Stephen Curry and Other NBA Stars Appear in PSA to End Gun Violence

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A new public service announcement directed by Spike Lee features NBA stars Stephen Curry, Carmelo Anthony, Chris Paul and Joakim Noah. It's the first of several as part of a campaign called "End Gun Violence," a partnership among Everytown for Gun Safety Support Fund, Lee and the NBA. Everytown for Gun Safety/YouTube

When Stephen Curry plays, people watch. And when he talks, people listen. That's what Spike Lee and Everytown for Gun Safety are banking on. A new public service announcement directed by Lee for the nonprofit, which works to end gun violence and make communities around the country safer, features Curry along with Carmelo Anthony, Chris Paul and Joakim Noah.

"I heard about a shooting involving a 3-year-old girl over the summer. My daughter Riley is that age," Curry says at the start of the 32-second video posted to YouTube Wednesday. (Fans might remember Riley from this postgame press conference and this dance at her third birthday party.) In a voiceover at the end of the clip, the Golden State Warriors star says resolutely, "We can end gun violence."

In between, the New York Knicks' Anthony, Los Angeles Clippers' Paul and Chicago Bulls' Noah speak up as well, interspersed with the voices of survivors of gun violence and their families.

Everytown was launched in 2014 by former New York City Mayor Michael Bloomberg, combining Mayors Against Illegal Guns with Moms Demand Action for Gun Sense in America to counterbalance the influence of the National Rifle Association. The organization tackles issues like background checks, domestic violence, preventable deaths and gun trafficking.

The video released Wednesday marks the start of a campaign called "End Gun Violence," a partnership among the Everytown for Gun Safety Support Fund, Lee (a member of Everytown's creative council) and the NBA. It focuses on educating people about a staggering statistic, "the 88 Americans who are killed with guns every day and the hundreds more who are injured."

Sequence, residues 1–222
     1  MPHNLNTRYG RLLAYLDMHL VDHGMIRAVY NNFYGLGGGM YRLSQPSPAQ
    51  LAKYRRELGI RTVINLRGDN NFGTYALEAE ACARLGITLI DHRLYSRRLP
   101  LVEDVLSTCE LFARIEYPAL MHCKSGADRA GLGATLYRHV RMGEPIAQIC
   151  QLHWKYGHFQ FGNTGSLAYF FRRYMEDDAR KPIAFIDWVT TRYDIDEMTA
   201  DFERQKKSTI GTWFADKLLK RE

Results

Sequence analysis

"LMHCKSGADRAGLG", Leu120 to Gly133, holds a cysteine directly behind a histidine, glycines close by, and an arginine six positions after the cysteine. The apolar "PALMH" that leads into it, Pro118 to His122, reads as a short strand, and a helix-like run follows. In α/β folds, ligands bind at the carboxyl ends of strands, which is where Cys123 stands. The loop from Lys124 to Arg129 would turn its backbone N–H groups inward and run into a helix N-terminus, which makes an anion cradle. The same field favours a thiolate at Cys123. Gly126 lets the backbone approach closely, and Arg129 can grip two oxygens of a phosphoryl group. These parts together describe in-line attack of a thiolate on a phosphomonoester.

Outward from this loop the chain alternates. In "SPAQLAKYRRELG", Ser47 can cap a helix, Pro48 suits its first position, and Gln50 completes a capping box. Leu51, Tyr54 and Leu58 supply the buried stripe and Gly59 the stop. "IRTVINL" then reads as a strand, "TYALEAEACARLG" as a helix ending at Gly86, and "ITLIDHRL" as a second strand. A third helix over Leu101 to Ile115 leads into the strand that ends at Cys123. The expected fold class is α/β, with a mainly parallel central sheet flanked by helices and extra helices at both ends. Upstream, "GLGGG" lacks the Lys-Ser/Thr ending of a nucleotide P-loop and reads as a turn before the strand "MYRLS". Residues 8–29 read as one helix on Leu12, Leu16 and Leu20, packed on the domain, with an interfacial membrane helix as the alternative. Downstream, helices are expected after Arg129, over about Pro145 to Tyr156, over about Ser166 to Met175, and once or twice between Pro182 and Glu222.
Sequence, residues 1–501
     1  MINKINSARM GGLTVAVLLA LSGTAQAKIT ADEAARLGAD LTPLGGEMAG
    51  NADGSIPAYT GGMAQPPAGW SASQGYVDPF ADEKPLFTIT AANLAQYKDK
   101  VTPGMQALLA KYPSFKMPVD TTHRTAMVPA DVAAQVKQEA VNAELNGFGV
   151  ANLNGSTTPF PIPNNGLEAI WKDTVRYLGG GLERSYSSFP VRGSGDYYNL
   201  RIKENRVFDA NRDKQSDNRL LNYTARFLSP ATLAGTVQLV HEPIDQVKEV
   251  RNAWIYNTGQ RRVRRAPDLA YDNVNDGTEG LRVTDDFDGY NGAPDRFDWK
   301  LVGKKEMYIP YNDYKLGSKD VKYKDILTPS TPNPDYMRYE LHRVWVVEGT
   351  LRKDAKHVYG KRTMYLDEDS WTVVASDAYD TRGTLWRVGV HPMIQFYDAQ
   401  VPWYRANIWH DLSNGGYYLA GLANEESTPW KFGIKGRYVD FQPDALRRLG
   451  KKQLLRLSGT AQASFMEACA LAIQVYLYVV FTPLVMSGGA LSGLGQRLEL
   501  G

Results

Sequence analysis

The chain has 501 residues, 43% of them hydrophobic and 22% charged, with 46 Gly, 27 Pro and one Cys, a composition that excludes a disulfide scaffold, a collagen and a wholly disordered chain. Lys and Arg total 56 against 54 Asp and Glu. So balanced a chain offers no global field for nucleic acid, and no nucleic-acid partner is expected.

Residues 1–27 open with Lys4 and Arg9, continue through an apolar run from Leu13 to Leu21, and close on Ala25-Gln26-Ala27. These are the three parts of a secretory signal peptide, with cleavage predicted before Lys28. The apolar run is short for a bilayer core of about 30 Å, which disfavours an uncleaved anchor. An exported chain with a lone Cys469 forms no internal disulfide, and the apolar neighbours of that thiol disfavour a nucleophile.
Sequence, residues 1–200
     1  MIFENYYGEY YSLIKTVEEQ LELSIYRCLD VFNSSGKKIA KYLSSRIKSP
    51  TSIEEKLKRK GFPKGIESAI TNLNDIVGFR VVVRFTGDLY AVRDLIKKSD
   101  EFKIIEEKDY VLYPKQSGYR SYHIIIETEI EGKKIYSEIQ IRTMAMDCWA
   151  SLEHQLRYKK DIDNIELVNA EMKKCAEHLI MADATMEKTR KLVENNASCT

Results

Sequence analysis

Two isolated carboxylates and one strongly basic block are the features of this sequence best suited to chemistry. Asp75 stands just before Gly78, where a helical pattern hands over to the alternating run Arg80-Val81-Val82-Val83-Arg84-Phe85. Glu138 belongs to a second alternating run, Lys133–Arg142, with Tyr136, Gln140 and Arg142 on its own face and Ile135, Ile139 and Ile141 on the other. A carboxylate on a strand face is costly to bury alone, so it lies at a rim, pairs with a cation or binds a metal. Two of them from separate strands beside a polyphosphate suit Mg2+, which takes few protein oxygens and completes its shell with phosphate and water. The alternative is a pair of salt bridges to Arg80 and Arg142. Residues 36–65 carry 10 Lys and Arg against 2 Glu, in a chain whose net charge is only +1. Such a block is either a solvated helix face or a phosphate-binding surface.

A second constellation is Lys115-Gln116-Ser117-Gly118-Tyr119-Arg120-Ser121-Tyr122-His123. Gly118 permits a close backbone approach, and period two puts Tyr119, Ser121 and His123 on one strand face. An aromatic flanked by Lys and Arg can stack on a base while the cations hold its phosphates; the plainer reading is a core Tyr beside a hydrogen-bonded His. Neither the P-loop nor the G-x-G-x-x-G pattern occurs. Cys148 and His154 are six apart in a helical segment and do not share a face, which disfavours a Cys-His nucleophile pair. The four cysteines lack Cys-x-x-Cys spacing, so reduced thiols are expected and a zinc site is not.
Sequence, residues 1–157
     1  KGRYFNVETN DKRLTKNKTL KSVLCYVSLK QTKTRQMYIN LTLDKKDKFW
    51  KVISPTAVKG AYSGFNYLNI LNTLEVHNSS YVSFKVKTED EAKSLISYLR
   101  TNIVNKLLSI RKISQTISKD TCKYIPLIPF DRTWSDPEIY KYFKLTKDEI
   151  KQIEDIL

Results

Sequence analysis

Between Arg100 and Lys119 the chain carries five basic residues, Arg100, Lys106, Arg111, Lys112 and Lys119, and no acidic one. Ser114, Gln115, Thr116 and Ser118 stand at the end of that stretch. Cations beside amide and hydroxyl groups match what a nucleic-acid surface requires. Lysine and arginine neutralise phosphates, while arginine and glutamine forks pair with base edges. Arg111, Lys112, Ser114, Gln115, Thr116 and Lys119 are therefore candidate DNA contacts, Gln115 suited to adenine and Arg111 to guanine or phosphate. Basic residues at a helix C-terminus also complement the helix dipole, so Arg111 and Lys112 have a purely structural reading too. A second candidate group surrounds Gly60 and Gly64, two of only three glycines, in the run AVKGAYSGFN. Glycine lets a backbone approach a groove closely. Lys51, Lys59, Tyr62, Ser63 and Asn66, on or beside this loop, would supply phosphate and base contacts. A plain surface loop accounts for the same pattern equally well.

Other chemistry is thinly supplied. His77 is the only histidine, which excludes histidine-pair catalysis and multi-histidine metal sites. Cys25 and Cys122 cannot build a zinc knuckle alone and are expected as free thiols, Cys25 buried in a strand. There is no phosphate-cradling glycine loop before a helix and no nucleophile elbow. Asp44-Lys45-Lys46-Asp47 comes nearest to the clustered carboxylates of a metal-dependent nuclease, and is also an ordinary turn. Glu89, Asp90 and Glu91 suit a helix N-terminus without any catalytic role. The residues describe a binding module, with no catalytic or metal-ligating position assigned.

"Athletes, law enforcement, gun violence survivors, moms, community leaders, and millions of Americans all know the impact of gun violence on our country," John Feinblatt, who was a top aide to then-Mayor Bloomberg and is now Everytown's president, is quoted as saying in a press release about the campaign launch. "This partnership shows the wide range of people who are willing to speak up and be a part of our growing movement."

Lee is set to direct several public service announcements as part of the campaign. This first spot will air on ABC and ESPN during Christmas Day basketball games. Several short interviews—with each of the four NBA stars in the PSA as well as with survivors and families, like the parents of Alison Parker, a journalist who was shot by a former co-worker during a live broadcast in August—have also been posted on YouTube.

Though it's rare to see a major brand in professional sports step into such a polarizing issue, The New York Times reports, the NBA "held little internal debate" about working with Everytown. "We know far too many people who have been caught up in gun violence in this country," Kathleen Behrens, the NBA's president of social responsibility and player programs, told the Times. "And we can do something about it."